It is becoming clear that the fundamental concepts of car ownership, ridership and even the physical asset of the automobile itself are about to transform, particularly with the horizon of fully-autonomous vehicles now estimated to become a market reality in 2020.
This new universe will not only be one of more instrumented vehicles, but one that is a critical part of the distributed and data-driven ecosystem. Getting there will require what Chris Ballinger, director of mobility services and chief financial officer at the Toyota Research Institute (TRI), termed “minimum viable partnerships.”
In this four-part series, “Driving The Future of Blockchains,” we will explore the automobile ecosystem at large and the role that these “minimum viable partnerships” might play in shaking up an industry that sees the future automobile as not just as another physical asset, but a machine driven by software, with intelligent sensors bringing data from physical endpoints to actionable and monetizable insights, turning a depreciating asset whose value plummets as soon as it’s driven off the dealership lot into a data-fueled profit center.
The future model of traditional cars, electric and autonomous, will be embedded with more sensors than ever before and able to capture data that make them more aware of external environmental factors and allow them to become “super-connected” intelligent devices.
These sensors will not only integrate with a driver’s other intelligent devices, but they will collect data about the car, navigation and external elements like weather and road conditions. This will make our cars their own computing machines, profound and far-reaching, as the data collected by them are exposed to analytics software to extract actionable insights.
This vision is precisely in line with blockchain technology, which truly lays the foundation for this future avalanche of data. It is precisely this data which is valuable for a broad ecosystem of stakeholders which begins with the driver and moves to the manufacturer and the insurer, interested not only in the state of the vehicle for safety, maintenance and insurance premium pricing, but for accident reporting and registration.
“Hundreds of billions of miles of (human driving) data will be necessary to develop the vision of a safe and reliable autonomous vehicle,” Ballinger said in an interview. “Blockchains and distributed ledgers may enable pooling data from vehicle owners, fleet managers, and manufacturers to shorten the time for reaching this goal, thereby bringing forward the safety, efficiency and convenience benefits of autonomous driving technology.”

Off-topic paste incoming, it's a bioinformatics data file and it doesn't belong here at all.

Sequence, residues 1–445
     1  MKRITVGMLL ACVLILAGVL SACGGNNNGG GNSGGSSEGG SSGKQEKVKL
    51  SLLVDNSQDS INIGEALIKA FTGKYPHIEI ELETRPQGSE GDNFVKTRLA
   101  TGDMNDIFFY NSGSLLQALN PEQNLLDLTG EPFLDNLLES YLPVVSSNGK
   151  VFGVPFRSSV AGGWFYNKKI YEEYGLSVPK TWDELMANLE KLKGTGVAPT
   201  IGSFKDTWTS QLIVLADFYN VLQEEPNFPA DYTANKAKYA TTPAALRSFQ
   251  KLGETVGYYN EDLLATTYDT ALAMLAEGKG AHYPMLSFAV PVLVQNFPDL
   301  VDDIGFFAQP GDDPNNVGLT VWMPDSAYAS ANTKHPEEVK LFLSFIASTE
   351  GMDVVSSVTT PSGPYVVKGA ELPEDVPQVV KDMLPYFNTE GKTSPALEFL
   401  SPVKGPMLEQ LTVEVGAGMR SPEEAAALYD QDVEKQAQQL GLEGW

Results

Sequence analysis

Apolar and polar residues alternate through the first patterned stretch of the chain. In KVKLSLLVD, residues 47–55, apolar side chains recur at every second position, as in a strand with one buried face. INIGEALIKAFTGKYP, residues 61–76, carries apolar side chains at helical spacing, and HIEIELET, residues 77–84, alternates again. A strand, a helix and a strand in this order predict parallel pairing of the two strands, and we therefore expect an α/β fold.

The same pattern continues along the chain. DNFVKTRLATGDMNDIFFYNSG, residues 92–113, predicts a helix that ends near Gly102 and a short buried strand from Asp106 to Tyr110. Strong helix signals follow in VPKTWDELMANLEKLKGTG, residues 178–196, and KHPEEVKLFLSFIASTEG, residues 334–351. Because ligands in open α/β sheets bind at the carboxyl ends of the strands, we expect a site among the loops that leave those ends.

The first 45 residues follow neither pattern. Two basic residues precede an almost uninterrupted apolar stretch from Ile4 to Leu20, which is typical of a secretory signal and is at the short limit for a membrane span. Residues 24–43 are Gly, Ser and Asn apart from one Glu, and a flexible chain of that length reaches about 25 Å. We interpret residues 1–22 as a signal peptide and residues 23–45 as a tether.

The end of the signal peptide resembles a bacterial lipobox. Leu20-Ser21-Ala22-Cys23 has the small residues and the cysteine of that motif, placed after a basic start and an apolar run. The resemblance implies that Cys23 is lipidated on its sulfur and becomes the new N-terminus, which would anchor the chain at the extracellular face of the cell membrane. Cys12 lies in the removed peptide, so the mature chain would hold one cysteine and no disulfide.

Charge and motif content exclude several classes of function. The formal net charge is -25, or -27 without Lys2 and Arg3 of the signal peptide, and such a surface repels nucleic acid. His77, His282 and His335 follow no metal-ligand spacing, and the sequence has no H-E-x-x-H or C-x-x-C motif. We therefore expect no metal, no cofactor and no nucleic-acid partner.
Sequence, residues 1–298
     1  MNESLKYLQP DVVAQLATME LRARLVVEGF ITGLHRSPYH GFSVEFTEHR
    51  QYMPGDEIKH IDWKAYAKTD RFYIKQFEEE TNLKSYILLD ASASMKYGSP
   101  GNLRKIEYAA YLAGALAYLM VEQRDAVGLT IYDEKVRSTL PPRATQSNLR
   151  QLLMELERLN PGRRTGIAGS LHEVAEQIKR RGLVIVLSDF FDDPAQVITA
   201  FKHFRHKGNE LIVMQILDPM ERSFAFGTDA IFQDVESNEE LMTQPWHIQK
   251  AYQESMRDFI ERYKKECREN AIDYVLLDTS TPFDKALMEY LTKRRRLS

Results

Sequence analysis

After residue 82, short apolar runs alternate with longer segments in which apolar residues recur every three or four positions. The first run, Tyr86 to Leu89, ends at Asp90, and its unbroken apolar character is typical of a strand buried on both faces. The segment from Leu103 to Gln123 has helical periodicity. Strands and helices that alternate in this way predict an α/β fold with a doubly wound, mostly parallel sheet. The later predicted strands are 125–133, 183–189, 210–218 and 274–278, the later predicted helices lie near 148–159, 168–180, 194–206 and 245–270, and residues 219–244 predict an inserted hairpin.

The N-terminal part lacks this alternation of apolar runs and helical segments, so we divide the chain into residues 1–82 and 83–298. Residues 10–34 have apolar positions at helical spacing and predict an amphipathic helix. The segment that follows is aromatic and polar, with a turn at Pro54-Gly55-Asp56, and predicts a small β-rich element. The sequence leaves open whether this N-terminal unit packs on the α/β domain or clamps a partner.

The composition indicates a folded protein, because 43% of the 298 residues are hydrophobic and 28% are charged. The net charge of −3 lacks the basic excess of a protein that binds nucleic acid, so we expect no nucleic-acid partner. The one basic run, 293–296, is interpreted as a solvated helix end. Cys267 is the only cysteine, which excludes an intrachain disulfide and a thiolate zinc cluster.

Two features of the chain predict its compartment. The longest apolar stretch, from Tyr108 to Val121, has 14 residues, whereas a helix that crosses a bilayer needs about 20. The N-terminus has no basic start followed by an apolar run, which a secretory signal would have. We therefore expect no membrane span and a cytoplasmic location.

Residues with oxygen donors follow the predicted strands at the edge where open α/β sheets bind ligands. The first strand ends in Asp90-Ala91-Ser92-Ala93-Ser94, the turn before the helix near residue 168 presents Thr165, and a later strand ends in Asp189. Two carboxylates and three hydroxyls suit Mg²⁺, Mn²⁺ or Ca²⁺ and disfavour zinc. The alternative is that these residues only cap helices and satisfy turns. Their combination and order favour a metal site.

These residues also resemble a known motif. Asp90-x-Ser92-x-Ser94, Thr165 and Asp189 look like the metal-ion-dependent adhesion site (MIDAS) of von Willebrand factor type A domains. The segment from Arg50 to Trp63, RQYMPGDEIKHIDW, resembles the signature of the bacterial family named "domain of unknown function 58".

The next-generation information architecture for this smart vehicle enables critical data about each vehicle to be recorded and reconciled for all stakeholders to eliminate inefficiency in information sharing about car identity, conditions in real time and accident reporting, auditing and settlement. It is through the use of blockchain technology, a crucial part of the backend infrastructure that transmits and orchestrates data sharing directly from cars to a permissioned and distributed network of stakeholders.
And the automotive industry has taken note, with some key players leading the way. The companies can see that embracing the potential for connectivity is an opportunity to improve their products and the way they serve users.
“Automakers are ramping up their connected car efforts for several reasons,” reported Business Insider. “Internet connectivity in vehicles allows car companies to release software updates in real time, which is extremely important during a recall. Second, automotive companies can use data from the car to analyze its performance and obtain valuable data on how drivers use their cars. Finally, more connectivity provides more ways for automakers to cross-sell their products and services to customers.”
Business Insider cited a KPMG survey of 200 automotive executives that identified BMW, Daimler (a member of the Hyperledger Project) and General Motors as the perceived leaders in connectivity and self-driving efforts. Toyota, which recently introduced a research institute dedicated to artificial intelligence, ranked fourth and Google, which can hardly be considered an auto manufacturer at all, garnered 1 percent of the votes.
The survey, however, was conducted last year and does not reflect some of the most recent strides being taken by automakers. Porsche, for instance, did not rank in the survey, but recently announced a competition for startup firms working with blockchain technology.
Steps like these mark huge progress from where the automotive industry once stood, even recently.
“There was very limited data that was coming off of cars
in the past, now cars are filled with all of these sensors that measure driving
behavior, location data, they are becoming a computer and the wealth of data
that will be generated is immense, but there really is not a great
infrastructure for leveraging and sharing that data to create a new class of
applications,” according to Micah Winkelspecht, CEO and founder of Gem, a
company working with the Toyota family of companies to make this future a
An autonomous vehicle essentially functions as a supercomputer that, by definition, must have the ability to combine and process a large amount of structured and unstructured data in real time to make split-second decisions about what directions to go and what turns to make. An autonomous vehicle is a platform of applications — real-time mapping, image recognition, computer vision, voice recognition, robotics, data integration, security and more.
The “Driving the Future of Blockchains” series is presented by Gem, a sponsor of Distributed.com. Read the preview of the series here.
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